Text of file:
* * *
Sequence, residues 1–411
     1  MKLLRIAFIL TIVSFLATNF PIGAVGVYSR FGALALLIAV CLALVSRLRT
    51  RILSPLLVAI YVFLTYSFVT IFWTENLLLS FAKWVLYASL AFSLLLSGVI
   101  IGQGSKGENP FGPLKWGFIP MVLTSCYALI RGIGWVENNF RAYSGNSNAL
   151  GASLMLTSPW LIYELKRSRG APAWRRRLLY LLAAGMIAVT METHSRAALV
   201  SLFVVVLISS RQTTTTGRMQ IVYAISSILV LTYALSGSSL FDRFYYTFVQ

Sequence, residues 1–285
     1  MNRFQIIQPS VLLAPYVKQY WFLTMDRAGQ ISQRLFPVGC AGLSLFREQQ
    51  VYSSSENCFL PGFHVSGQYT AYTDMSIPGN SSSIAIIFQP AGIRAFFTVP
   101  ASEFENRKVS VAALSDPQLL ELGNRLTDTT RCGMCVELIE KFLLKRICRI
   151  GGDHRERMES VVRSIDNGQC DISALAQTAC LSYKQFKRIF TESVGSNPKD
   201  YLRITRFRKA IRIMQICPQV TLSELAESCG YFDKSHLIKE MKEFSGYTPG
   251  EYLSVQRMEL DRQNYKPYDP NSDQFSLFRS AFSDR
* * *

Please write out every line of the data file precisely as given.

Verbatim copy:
Sequence, residues 1–411
     1  MKLLRIAFIL TIVSFLATNF PIGAVGVYSR FGALALLIAV CLALVSRLRT
    51  RILSPLLVAI YVFLTYSFVT IFWTENLLLS FAKWVLYASL AFSLLLSGVI
   101  IGQGSKGENP FGPLKWGFIP MVLTSCYALI RGIGWVENNF RAYSGNSNAL
   151  GASLMLTSPW LIYELKRSRG APAWRRRLLY LLAAGMIAVT METHSRAALV
   201  SLFVVVLISS RQTTTTGRMQ IVYAISSILV LTYALSGSSL FDRFYYTFVQ

Sequence, residues 1–285
     1  MNRFQIIQPS VLLAPYVKQY WFLTMDRAGQ ISQRLFPVGC AGLSLFREQQ
    51  VYSSSENCFL PGFHVSGQYT AYTDMSIPGN SSSIAIIFQP AGIRAFFTVP
   101  ASEFENRKVS VAALSDPQLL ELGNRLTDTT RCGMCVELIE KFLLKRICRI
   151  GGDHRERMES VVRSIDNGQC DISALAQTAC LSYKQFKRIF TESVGSNPKD
   201  YLRITRFRKA IRIMQICPQV TLSELAESCG YFDKSHLIKE MKEFSGYTPG
   251  EYLSVQRMEL DRQNYKPYDP NSDQFSLFRS AFSDR